August 5, 2019
Imagine this scene. It is windy and hot with the temperature close to 100 degrees. There is the sound of horses and wagon wheels and loud voices of impatient men. The air is filled with dust and anticipation. All has been left behind for this once in a lifetime opportunity. Families in covered wagons and individuals on horseback are lined up, anxiously awaiting the sun to reach its zenith. At high noon the gun will sound and these 19th century pioneers will be off to stake their claims.
It was September 16, 1889. These pioneers were off to settle a piece of land in Oklahoma Territory known as the Cherokee Strip. Perry, my hometown, was packed with people, as it served as the headquarters for this Oklahoma Land Run. Each year this event is remembered with a weekend of activities known as the Cherokee Strip Celebration. After the Saturday morning parade, you can dine at the Cherokee Strip or the 89er’s Restaurant. Of course, you could go with me to our favorite, the Shady Lady. Yes, the Shady Lady is a family restaurant.
Funny thing about these pioneers that staked out the land around my hometown. They started out as pioneers leaving the past behind, and set out for unsettled territory. They endured the hot summer winds to stake new claims. But after their homes were built, they became “settlers.” Many would never move again. The very ones whose wagons bounced over the open plains became “stuck in a rut.”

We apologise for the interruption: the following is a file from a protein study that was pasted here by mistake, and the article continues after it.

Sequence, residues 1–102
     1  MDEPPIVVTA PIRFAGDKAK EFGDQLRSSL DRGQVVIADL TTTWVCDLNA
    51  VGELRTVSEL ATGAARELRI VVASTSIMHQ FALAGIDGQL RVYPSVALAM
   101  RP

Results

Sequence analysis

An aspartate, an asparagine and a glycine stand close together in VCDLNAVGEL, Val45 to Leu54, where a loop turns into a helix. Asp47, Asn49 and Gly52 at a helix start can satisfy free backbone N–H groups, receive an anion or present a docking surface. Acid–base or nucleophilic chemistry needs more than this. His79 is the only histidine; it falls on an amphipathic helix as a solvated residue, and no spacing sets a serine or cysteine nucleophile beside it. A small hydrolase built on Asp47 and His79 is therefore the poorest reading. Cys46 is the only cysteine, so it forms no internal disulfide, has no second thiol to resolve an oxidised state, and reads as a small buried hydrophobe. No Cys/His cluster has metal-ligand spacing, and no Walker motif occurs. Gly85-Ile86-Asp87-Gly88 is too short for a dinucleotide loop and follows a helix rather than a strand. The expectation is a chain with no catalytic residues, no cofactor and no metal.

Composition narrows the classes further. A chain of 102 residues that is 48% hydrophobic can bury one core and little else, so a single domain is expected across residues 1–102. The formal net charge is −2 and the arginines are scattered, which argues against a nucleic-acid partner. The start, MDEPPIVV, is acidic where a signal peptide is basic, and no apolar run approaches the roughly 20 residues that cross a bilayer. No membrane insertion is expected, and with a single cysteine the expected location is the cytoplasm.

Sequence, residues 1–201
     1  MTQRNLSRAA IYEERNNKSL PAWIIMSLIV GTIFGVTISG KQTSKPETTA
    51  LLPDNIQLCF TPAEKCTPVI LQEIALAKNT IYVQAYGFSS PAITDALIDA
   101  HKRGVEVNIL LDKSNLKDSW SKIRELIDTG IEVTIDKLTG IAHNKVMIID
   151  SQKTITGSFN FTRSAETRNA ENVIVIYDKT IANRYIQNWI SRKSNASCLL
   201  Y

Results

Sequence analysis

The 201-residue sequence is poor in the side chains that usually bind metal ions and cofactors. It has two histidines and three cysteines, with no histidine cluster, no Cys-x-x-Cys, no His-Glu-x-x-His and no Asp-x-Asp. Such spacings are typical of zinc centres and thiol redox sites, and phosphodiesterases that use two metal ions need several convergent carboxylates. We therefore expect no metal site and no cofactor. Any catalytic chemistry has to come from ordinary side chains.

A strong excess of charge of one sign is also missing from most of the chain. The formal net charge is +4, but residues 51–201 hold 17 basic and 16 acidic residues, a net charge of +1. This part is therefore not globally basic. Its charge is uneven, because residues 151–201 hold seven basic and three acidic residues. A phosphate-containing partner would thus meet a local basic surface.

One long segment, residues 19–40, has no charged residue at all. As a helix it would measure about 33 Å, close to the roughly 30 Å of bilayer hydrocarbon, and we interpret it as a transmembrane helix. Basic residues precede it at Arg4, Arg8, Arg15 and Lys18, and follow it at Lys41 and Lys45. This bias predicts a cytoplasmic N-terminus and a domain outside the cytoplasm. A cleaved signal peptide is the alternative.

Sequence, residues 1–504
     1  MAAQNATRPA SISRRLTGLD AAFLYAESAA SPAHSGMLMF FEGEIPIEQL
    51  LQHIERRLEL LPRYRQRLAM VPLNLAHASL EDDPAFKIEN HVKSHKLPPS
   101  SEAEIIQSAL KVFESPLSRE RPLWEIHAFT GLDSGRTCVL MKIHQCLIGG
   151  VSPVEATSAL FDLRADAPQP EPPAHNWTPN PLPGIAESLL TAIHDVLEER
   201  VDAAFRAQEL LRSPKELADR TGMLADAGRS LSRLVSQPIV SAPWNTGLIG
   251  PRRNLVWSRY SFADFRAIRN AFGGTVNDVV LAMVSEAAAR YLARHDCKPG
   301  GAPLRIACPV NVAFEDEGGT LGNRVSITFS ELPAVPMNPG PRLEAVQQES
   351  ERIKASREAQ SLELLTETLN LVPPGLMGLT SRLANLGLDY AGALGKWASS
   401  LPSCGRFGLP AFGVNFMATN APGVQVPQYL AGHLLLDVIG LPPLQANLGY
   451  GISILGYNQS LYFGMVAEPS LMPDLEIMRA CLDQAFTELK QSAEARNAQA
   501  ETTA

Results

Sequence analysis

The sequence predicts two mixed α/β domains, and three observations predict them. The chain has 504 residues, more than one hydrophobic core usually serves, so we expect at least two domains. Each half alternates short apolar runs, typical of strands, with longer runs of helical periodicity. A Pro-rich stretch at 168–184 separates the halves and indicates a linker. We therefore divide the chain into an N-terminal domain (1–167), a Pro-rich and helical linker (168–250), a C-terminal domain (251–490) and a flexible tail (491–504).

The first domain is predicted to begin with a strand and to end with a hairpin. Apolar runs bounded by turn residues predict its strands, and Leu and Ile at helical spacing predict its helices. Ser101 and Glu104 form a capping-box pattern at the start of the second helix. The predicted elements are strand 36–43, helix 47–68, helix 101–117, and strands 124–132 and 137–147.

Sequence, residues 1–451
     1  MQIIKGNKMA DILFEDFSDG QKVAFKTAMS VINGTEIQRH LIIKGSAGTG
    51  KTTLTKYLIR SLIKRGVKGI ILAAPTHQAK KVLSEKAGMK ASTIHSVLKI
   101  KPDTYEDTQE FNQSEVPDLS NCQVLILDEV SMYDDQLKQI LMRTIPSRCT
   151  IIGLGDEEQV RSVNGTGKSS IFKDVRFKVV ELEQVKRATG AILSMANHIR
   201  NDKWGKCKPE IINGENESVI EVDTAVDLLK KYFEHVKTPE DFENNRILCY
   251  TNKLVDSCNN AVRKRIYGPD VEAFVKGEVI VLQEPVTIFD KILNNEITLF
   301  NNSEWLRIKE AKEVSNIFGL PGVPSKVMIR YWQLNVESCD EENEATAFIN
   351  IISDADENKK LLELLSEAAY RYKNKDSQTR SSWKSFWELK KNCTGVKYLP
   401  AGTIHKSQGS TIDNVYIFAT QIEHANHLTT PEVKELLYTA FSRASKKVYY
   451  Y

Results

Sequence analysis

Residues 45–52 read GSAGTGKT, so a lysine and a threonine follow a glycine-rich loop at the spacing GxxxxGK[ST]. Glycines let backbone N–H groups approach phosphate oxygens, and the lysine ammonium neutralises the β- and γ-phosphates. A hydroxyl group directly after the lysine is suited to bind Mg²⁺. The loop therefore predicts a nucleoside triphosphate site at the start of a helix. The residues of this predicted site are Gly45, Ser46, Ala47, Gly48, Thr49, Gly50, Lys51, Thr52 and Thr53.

In his book, Frontier, Louis L ‘Amour, describes the settler mentality. He wrote: “Everything within you and me begs, Take it easy. Don’t rock the boat. Leave well-enough alone. Back off. Why run the risk? If you leave the familiar and venture outside your comfort zone, you’re liable to mess things up.” That’s settler talk. Safe. Secure. Predictable. Boring.
Here is some more settler talk you may have heard somewhere along the trail. “It has never been done. We’ve never done it that way. We’ve always done it that way. When you’ve been here awhile, you’ll realize … We’ve got enough on our plate. We tried that once before a few years ago. See, I told you it wouldn’t work. Change anything, but that. That’s not in your area (translated: Stay off my turf). Let’s form a committee, I’ll chair it.” Settler talk. Ineffective. Immobilizing.
In the same book, L’Amour also described the pioneer. “It is our destiny,” he wrote, “to move out, to accept the challenge, to dare the unknown. It is our destiny to achieve. If we are content to live in the past, we have no future. And today is the past.”
Our present generation is being built on the crumbling foundation of relativism. Our culture smirks at absolute truths, making up the rules as it goes. Singles are staying single longer and wondering if the church knows they exist. Single parents, trying to balance all the balls, wonder if the church cares. Teenagers, bombarded with pressure and temptation, wonder if the church understands. Children, accustomed to the electronic media, wonder if the church will ever catch up to the level of technology that communicates to them. There is no time to settle down.
It is our destiny to move out, to accept the challenge of proclaiming the unchanging message of Christ to an ever changing culture.
To attempt things for Christ that we have never attempted before. To achieve things for Christ that we have never achieved before. Today is the past. And if we are content to settle comfortably in the past, there is no future. We hold in our hearts and our hands the Good News. Let’s keep it moving through our lips and our lives.
So saddle up your horses! Grab the reins! Get ready for a wild and glorious ride. There is unsettled territory just over the hill. And once we have staked our claim, it will be time to mount up and move out again. Our destiny is to bring glory and honor to our Lord and Savior, Jesus Christ.